Egyptian general ends US visit, US urges restraint

WASHINGTON Fri Jan 28, 2011 7:52pm EST

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WASHINGTON (Reuters) - The Pentagon urged restraint from Egypt's military in face-to-face talks with a top Egyptian general in Washington, before his delegation was called home on Friday because of massive anti-government protests.

Lieutenant General Sami Enan, chief of staff of Egypt's armed forces, abruptly cut short talks in Washington that were due to run through February 2.

"He intends to return today," General James Cartwright, vice chairman of the U.S. military's Joint Chiefs of Staff, told reporters at the Pentagon.

Before his departure, Alexander Vershbow, a U.S. assistant secretary of defense, urged restraint during talks with Enan on Wednesday and Thursday, Pentagon spokesman Colonel Dave Lapan said, without elaborating.

Lapan said the 25-member Egyptian delegation was heading home on Friday evening.

Egypt receives about $1.3 billion a year in U.S. military aid and Washington views Egyptian President Hosni Mubarak as a critical partner -- a linchpin for future Israeli-Palestinian peacemaking and a bulwark against Iran's regional clout.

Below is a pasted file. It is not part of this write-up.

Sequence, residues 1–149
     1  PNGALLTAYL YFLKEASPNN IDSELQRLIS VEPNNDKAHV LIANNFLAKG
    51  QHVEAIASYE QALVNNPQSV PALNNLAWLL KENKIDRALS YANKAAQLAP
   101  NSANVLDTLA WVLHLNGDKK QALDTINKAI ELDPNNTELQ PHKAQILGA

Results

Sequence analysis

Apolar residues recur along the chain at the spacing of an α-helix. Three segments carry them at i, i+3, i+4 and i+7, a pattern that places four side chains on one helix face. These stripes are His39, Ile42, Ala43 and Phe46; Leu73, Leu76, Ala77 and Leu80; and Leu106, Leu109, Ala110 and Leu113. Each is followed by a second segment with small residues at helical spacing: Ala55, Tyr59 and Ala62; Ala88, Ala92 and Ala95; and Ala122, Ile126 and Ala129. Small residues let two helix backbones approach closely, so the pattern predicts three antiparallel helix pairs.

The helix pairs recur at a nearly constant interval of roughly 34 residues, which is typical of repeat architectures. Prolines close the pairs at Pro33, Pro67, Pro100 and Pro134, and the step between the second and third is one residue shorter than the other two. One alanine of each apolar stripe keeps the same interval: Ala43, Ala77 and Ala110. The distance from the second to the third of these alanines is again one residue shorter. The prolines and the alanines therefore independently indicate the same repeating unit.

But the White House said its aid to Egypt now was under review, as Egyptian troops took to the streets on Friday to try to control crowds demanding Mubarak step down.

Egypt's armed forces -- the world's 10th biggest with more than 468,000 members -- have been at the heart of power since army officers staged an overthrow of the monarchy in 1952.

All four Egyptian presidents since then have come from the military, now led by Field Marshal Hussein Tantawi, 75, who is defense minister and commander in chief.

Enan ranks below him but is one of the top military officers in Egypt and carries considerable clout.

A Middle East military expert in Washington, speaking on condition of anonymity, described Enan as someone who appeared to have the respect of the United States.

"He certainly seems competent," the expert said.

Cartwright said the protests also came up in informal chats in the Pentagon hallways, between the members of Egypt's delegation and U.S. officials.

"It would be hard to have ignored the fact that this was going on. And it wasn't ignored," Cartwright said.

There are about 625 U.S. military personnel in Egypt. The U.S. has provided F-16 jet fighters, tanks, armored personnel carriers, Apache helicopters, anti-aircraft missile batteries and other equipment to the Egyptian military.

(Editing by Peter Cooney and Paul Simao)

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